"Love home," it says on the wall of the Titkovs' cozy flat in Vienna. The poster has a particular poignancy for the Ukrainian family who were forced to flee their home in Irpin in the suburbs of Kyiv nearly a year ago.


"I have mixed feelings," admitted Iryna Titkova, a sunny former English teacher and mother of three.


"We have food, we have a warm apartment, we have the whole family here... and we have a certain amount of money which we earned and saved."


But they are missing one thing... home.


"Sometimes we feel ashamed" at enjoying things "because we know how people suffer in Ukraine," Iryna said.


AFP has been following the Titkovs and their sons for several months as they begin their new life in Austria, one family among eight million Ukrainian refugees now scattered across Europe.



They left their home the day after the Russian invasion on February 24 last year.

Iryna's husband Valerii, who had lived through the horror of another post-Soviet conflict in Nagorno-Karabakh when he was small -- and who "is incapable of killing a fly" -- had only one thing on his mind: getting his sons to safety.


Ukrainian men of "fighting age" -- from 18 to 60 -- were banned from leaving the country. But Valerii was allowed to go as the father of a large family.


The Titkovs were at first put up by friends of friends close to Vienna's Saint Stephen's Cathedral before they found their own place half an hour from the centre of the city.  

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They are among 90,000 Ukrainians in Austria who have special European Union "blue cards" giving them special protection.


It allows them to stay until March 2024 without having to make an asylum claim and to get greater financial aid than refugees from other countries. 


- Language school after work -


A family can receive more than 1,000 euros (£1,080, $1,070) a month to cover their food and rent, said Thomas Fussenegger, of the government agency tasked with looking after refugees.


Language courses are also free, and Iryna and Valerii go to intensive German classes three times a week. 


But even there, the main topics of discussion are Ukraine and the latest news from the front, as well as exasperation at Russian "propaganda".


Having to learn a new language from scratch is the "most difficult part" of integrating for Valerii, a Russian speaker. "I am tired after work and it is hard to concentrate, to get all this information into your head," he said.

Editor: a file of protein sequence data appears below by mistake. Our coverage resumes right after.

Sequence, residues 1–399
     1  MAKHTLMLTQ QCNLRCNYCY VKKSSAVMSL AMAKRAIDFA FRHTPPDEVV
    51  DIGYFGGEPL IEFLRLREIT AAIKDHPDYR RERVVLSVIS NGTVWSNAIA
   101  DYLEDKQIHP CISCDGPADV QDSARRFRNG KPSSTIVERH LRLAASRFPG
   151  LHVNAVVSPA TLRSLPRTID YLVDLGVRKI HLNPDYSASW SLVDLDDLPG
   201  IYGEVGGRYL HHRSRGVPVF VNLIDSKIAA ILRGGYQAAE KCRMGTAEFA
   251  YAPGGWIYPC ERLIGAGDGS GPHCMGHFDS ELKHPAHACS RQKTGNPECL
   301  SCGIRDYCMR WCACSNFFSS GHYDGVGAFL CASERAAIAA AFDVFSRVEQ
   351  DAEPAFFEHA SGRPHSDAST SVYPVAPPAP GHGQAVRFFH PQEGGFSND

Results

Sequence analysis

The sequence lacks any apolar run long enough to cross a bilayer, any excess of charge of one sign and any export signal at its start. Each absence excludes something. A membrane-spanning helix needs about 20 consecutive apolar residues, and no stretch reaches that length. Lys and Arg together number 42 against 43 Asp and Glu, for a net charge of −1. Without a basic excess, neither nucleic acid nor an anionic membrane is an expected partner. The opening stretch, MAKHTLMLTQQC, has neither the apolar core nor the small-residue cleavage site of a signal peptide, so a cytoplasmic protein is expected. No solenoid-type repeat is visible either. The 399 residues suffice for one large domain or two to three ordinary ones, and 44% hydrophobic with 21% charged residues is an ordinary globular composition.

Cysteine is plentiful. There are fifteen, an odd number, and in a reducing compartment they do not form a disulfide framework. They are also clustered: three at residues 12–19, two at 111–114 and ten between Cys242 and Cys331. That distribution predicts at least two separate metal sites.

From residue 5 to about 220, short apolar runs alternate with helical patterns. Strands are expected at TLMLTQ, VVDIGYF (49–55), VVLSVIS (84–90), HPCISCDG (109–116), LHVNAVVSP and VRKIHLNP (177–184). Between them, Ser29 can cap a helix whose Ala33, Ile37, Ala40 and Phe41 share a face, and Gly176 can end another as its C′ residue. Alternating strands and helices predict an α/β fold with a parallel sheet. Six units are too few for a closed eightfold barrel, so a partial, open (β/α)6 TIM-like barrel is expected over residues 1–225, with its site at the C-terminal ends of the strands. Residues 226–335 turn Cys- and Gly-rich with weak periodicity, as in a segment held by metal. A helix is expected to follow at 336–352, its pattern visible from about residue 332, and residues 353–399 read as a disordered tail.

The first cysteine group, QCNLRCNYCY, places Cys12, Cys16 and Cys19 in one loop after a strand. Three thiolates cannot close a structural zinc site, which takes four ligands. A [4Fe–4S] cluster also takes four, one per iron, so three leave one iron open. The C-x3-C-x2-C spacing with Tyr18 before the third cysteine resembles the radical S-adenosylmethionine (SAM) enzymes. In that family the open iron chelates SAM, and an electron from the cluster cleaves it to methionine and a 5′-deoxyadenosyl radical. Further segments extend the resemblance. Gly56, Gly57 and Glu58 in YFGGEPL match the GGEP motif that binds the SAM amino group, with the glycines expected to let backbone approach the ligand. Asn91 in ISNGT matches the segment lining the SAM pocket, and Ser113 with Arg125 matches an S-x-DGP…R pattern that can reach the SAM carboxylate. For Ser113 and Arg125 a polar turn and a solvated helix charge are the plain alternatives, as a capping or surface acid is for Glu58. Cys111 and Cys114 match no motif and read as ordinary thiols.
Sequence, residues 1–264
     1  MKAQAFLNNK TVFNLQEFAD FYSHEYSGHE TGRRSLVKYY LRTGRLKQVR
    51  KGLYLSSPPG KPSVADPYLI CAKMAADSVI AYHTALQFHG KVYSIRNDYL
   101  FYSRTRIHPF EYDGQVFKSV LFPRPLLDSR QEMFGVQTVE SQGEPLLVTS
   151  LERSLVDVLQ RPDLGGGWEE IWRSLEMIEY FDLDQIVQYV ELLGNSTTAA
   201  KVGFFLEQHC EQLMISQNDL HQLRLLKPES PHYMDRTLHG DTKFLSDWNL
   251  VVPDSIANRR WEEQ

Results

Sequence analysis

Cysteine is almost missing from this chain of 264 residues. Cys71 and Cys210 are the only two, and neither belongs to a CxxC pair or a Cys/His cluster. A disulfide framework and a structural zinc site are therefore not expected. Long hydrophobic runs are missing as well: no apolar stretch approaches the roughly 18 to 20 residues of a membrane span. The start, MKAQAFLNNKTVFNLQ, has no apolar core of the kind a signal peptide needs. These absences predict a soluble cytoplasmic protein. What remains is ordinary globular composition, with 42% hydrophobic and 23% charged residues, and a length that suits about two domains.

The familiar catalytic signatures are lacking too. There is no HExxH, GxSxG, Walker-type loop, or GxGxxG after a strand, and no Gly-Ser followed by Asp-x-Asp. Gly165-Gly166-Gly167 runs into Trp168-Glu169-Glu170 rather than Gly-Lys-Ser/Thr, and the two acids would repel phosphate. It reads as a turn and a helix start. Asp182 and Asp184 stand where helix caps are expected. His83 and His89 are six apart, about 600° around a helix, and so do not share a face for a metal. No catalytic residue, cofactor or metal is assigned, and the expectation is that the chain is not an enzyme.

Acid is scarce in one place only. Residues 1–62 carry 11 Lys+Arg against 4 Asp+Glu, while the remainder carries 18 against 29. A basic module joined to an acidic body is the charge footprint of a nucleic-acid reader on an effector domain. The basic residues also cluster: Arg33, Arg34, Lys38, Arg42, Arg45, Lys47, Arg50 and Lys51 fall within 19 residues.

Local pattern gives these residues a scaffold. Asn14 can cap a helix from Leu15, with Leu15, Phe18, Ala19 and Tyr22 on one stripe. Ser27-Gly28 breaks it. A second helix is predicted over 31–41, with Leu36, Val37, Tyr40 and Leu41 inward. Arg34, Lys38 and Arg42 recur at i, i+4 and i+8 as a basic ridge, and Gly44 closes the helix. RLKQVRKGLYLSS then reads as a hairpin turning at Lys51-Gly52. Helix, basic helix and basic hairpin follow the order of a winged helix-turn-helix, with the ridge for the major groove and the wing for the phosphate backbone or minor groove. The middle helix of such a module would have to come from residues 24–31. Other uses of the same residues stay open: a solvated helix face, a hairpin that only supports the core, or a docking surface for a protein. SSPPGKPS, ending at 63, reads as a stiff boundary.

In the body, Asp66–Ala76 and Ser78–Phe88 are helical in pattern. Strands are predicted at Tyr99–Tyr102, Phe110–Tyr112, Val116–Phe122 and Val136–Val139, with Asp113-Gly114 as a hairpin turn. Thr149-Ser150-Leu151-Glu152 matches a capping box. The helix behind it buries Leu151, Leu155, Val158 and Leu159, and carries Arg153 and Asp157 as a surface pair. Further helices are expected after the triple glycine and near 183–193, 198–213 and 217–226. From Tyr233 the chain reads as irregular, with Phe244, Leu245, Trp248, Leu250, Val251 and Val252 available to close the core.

The physiotherapist and masseur got a job as a warehouseman for an American restaurant chain after arriving. He gets up at dawn and spends his day running between work, German lessons and taking the children to their activities. 


It is not "the job of my dreams", but the sporty 44-year-old is hoping to get official authorisation to be able to work as a physio in Austria in the next few months. Nor has he given up on being a football coach again, his other passion that he had to leave behind.


- Homesick but adapting -  


Desperate to start earning as soon as she arrived, Iryna took a job working at a checkout. But the teacher is now working in a herbalist shop and loving it. "It's a peaceful place, with good karma," she smiled.



Rather than tough out the war, "I chose the other reality" by looking for refuge in a safe country, she said.


Now nearly a year on, the couple are at last beginning to take advantage of what Vienna has to offer, visiting museums and going to their first ball after being invited by some new Austrian friends.


But it is hard to get what is happening back home out of their heads. 


"I want to persuade myself that all is going well, that we are adapting, but every day I want to be home," said Iryna.


Every morning she wakes up with her head in Ukraine. "My day begins by watching Telegram news channels. I check how Kyiv and Irpin are... and of course my relatives," she said, showing photos of her brother in his military fatigues.


"My husband tells me, 'Stop doing it, you need to switch.' I understand. I work, I study, I am with my family."


Their sons are also homesick and like to hang out with other Ukrainians. After being bullied at school, 11-year-old Denys has changed classes and is getting on better. 



- Double work for kids -


As well as going to his Austrian school, he is also keeping up with the Ukrainian curriculum at the same time, a very heavy workload which half a million refugee children across the EU are also having to deal with. 


"The immense majority of them want to go back to Ukraine after the victory" and want to keep up their grades, Sergiy Gorbachev, Ukraine's education ombudsman told AFP.


Remote working during the pandemic helped the Ukrainian education system juggle this, he said, but he admitted that "the burden" this placed on families had to be lightened. 


Ivanna Kobernik, of the Ukrainian education NGO Smart, said "this is probably the first time that Europe is dealing with refugees where the vast majority dream of returning home and (who) continue to study online in the schools" back home. 


Despite the fearsome workload, she argued that "for children, and for their mothers, this is the preservation of normality, a very important preservation of the connection with the homeland, which they left against their will."


For Iryna the unbreakable bond with home is coupled with haunting guilt.

"We don't know how to help except by sending money," regularly sending hundreds of euros to relatives and friends.


She also went back to help her uncle who has cancer, and tried to convince other relatives to come join them.



Iryna's wish for 2023 is that "it will be the last year of the war. Then we can start planning our life."


And what if the war was to end? "Ukraine will be in ruins," Valerii said. "And we will have to start from zero."

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